The Spanish Liga has agreed to stage competitive games overseas as part of a 15-year deal that will take their teams to the United States and Canada. There were no details as to when the first game would be played outside Spain, or how many, but the ...
The successor to Richard Scudamore as Premier League chief executive will come under pressure from the 20 clubs to investigate ways of staging competitive league games overseas, after La Liga in Spain became the first of Europe’s top five leagues to announce it would do so.
As it stands the Premier League has no immediate plans to follow its Spanish counterpart and stage selected single league games outside the country – announced on Thursday by Liga officials as part of a major push to give its competition a greater profile in North America. Nevertheless, Scudamore’s successor will have to be mindful of the competition given that international rights are the major area of growth for broadcast revenue when the league next goes to market for 2022-2025.
The Spanish Liga has agreed to stage competitive games overseas as part of a 15-year deal that will take their teams to the United States and Canada. There were no details as to when the first game would be played outside Spain, or how many, but the next Spanish football television deal runs from 2019 to 2022 so it could well be within that cycle.
Scudamore, who will quit later this year, ruled out the possibility of moving competitive matches overseas when he announced his departure at the end of last season. With demand from Premier League club owners for increased broadcast revenue there will be pressure to keep their league as the world’s pre-eminent competition and not be seen to fall behind.
The Premier League are currently interviewing candidates to be Scudamore’s successor, one of the most high-profile and influential jobs in the English game. Scudamore’s proposal in 2008 of a 39th game, played overseas as a competitive addition to the regular fixture list stands as one of the few misjudgements of his reign.
The Liga president Javier Tebas is under pressure to raise revenue for the 20 clubs of La Liga who are expected to bring in around £1.5 billion a season for their collective domestic and overseas rights from next season. The Premier League’s next run of domestic and international rights for 2019-2022 are worth £4.55 billion over three years, excluding what Amazon Prime has paid for its rights package and the total including international rights will take it to well in excess of £8.3 billion.
In a bid to gain a greater following around the world, Liga has signed deals recently in a range of Asian countries including Pakistan and India where the league will be show free-to-air. It is not clear whether the Clasico between Real Madrid and Barcelona will ever be staged overseas with Tebas having ruled out that possibility in the past.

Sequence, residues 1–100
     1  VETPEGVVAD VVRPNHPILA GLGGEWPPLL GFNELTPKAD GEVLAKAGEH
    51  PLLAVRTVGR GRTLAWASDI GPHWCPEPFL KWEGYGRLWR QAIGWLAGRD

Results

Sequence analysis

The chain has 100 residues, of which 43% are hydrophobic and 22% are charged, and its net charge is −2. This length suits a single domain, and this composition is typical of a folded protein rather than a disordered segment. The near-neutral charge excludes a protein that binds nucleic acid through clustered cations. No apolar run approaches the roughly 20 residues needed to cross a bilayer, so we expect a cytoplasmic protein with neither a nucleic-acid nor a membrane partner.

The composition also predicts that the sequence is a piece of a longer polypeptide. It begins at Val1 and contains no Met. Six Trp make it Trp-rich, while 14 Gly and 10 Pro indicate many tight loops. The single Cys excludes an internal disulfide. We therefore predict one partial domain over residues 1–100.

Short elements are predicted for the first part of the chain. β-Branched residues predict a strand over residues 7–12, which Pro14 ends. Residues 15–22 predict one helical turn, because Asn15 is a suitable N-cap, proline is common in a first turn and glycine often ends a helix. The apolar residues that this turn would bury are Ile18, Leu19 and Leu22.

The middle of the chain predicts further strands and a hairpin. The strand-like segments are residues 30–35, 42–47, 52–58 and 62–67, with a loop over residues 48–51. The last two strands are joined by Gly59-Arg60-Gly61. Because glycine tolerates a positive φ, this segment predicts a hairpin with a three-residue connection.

The two biggest clubs in Spain take the greater share of the television revenue, between £140 million and £150 million each depending on their place in the table. There is a more equitable revenue sharing agreement in place from 2022 but until then both of the two biggest sides are protected from seeing any reduction in the revenue they are paid.
Last season, Atletico Madrid, who finished second in La Liga behind Barcelona, earned the equivalent of £88 million from the Spanish television deal, less than the 20th placed Premier League club West Bromwich Albion who banked £94.6 million.
Like many European leagues, Liga has been investigating ways of making itself more of a global phenomenon. The Italian Supercoppa, the equivalent of the Charity Shield, will be played in Saudi Arabia in January. It was first played in China in 2009 and has since been played outside Italy six times, including further games in China and in Qatar.
Liga has opened offices in what it considers to be major markets around the world, and the deal to stage a game in North America was overseen by La Liga North America and the media company Relevent which has been involved in organising pre-season tournaments. Tebas said: “We’re devoted to growing the passion for soccer around the world. This ground-breaking agreement is certain to give a major impulse to the popularity of the beautiful game in the US and Canada.”
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